1. Direct discourse. Nattan said, “I was going to give it to Benn in Fell Creek, but he wasn’t home, and I had to get on the road.”
  2. Italicized thoughts: Nattan stood looking out the window. Benn’s not home. What now?
  3. Free indirect speech: Nattan stood looking out the window. Benn wasn’t home, so who should he give it to?

Examples two and three are versions of indirect speech, which is a valuable tool in your writer’s toolbox

Wikipedia describes free indirect speech this way:

Free indirect speech is a style of third-person narration which uses some of the characteristics of third-person along with the essence of first-person direct speech; it is also referred to as free indirect discoursefree indirect style, or, in Frenchdiscours indirect libre.

Free indirect discourse can be described as a “technique of presenting a character’s voice partly mediated by the voice of the author” (or, reversing the emphasis, “that the character speaks through the voice of the narrator”) with the voices effectively merged. This effect is partially accomplished by eliding direct speech attributions, such as “he said” or “she said”.

The following is an example of sentences using direct, indirect and free indirect speech:

  • Quoted or direct speechHe laid down his bundle and thought of his misfortune. “And just what pleasure have I found, since I came into this world?” he asked.
  • Reported or normal indirect speechHe laid down his bundle and thought of his misfortune. He asked himself what pleasure he had found since he came into the world.
  • Free indirect speechHe laid down his bundle and thought of his misfortune. And just what pleasure had he found, since he came into this world?

According to British philologist Roy Pascal, Goethe and Jane Austen were the first novelists to use this style consistently and nineteenth century French novelist  Flaubert was the first to be consciously aware of it as a style. [1]

When I began writing seriously, I was in the habit of using italicized thoughts and characters talking to themselves as a way to express what was going on inside of them.

That isn’t necessarily wrong. When used sparingly, thoughts and internal dialogue have their place. When they are used as a means for dumping information, they can become a wall of italicized words.

The_Pyramid_Conflict_Tension_Pacing

In the last few years, as I’ve evolved in my writing habits, I am drawn more and more to the various forms of free indirect speech as a way of showing who my characters think they are and how they see their world.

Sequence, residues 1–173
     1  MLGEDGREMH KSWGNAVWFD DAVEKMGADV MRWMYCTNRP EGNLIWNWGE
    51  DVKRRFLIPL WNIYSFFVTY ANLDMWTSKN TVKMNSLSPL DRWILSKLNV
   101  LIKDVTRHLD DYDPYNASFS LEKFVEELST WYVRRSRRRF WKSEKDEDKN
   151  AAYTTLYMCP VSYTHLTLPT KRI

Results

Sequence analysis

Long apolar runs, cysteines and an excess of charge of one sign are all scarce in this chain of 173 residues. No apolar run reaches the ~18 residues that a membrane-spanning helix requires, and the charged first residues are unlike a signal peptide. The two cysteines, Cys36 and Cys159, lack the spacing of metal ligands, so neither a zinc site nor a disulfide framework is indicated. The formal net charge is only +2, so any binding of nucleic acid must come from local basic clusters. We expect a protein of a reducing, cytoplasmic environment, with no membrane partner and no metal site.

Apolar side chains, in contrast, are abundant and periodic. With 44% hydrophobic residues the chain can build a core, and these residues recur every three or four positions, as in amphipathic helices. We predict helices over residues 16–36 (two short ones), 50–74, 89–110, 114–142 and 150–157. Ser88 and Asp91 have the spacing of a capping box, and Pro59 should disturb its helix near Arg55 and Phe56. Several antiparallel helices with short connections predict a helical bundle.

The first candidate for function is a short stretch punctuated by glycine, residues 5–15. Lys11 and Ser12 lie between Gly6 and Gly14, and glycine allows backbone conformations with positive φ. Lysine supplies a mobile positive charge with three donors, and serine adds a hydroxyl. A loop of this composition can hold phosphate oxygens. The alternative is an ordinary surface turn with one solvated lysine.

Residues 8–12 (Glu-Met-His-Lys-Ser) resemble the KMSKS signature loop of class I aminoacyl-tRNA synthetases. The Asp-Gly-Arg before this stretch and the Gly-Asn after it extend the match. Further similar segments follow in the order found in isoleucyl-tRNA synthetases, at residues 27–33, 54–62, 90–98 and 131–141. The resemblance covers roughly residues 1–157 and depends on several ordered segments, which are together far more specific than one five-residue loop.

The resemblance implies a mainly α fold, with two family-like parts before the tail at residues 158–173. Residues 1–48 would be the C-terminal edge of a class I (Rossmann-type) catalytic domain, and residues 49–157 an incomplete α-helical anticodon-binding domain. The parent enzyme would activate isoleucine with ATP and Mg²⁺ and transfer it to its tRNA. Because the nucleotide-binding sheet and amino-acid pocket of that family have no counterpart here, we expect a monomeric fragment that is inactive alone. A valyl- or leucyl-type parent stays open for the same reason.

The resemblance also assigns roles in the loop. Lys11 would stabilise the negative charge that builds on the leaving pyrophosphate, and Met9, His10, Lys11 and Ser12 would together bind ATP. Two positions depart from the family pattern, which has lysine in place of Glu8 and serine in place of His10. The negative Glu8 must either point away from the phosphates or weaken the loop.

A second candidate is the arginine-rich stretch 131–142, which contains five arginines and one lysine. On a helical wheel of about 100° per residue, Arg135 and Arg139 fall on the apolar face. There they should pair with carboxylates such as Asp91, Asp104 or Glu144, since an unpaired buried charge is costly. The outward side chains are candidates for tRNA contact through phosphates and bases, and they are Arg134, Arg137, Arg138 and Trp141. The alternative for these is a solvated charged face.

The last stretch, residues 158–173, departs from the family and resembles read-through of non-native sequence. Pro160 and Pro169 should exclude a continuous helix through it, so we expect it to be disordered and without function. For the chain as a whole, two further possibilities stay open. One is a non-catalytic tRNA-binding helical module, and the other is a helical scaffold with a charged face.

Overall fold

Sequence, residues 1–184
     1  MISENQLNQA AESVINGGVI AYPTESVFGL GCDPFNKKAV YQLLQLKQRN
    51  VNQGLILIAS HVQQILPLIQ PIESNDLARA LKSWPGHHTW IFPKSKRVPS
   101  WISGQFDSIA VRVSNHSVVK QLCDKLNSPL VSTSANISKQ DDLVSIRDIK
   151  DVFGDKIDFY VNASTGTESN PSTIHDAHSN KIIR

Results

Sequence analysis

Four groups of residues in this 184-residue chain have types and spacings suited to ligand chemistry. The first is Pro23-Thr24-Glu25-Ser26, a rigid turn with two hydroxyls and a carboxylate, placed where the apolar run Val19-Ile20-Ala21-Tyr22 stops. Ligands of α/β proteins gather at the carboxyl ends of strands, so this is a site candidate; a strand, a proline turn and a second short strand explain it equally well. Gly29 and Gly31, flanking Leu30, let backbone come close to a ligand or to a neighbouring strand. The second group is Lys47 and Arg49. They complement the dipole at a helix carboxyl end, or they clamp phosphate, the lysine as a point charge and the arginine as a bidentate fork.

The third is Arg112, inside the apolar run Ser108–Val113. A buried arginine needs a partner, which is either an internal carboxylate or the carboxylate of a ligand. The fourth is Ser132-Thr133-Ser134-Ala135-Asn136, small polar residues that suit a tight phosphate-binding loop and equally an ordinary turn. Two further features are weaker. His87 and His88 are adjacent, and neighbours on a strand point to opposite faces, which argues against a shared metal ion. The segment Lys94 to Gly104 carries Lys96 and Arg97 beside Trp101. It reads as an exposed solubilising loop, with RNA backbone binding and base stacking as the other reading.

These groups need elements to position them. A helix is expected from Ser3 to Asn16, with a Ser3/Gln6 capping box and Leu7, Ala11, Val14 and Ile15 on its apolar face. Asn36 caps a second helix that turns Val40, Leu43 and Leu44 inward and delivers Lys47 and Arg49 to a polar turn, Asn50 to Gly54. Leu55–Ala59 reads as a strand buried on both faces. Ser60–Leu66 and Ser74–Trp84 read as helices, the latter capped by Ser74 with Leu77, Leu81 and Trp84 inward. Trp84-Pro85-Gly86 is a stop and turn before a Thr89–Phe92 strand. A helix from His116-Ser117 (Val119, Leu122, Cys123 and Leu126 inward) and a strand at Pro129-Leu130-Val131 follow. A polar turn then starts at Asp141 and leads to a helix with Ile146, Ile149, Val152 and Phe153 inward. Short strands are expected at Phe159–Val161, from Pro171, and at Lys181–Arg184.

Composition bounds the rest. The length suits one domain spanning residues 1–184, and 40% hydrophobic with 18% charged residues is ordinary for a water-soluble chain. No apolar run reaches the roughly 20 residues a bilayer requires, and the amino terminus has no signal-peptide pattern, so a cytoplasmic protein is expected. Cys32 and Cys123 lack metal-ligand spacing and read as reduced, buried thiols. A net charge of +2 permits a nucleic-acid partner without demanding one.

The main thing to watch for when employing indirect speech in a short story is to stay only in one person’s head. Remember, short stories are limited for space, so it’s essential to only tell the protagonist’s story.

In  longer pieces, such as novels, you could show different characters’ internal workings provided you have clear scene or chapter breaks between each character’s dialogue.

If you aren’t careful, you can slip into “head-hopping,” which is incredibly confusing for the reader. First, you’re in one person’s thoughts, and then another—it’s like watching a tennis match.

When you are limited in word count, you must find the most powerful ways to get the story across with a minimum of words. Showing important ruminations as an organic part of the unfolding plot is one way to give information and reveal a character while keeping to lean, powerful prose.


Credits and Attributions:

[1] Wikipedia contributors, “Free indirect speech,” Wikipedia, The Free Encyclopedia, https://en.wikipedia.org/w/index.php?title=Free_indirect_speech&oldid=817276599 (accessed March 30, 2021).

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Writing the Short Story part 1: experimenting #amwriting

Before we begin, I hope you’ll bear with me as I learn to use the unnecessarily complicated dashboard WordPress calls “Gutenberg.” For a person who relies on images as much as I do, this isn’t a good fit, but I will make it work. They have removed the Admin Dashboard, which was perfect for uploading and positioning images and text. Please bear with me as I find ways to write my posts despite being forced to use the least intuitive dashboard the geniuses at WordPress could have come up with.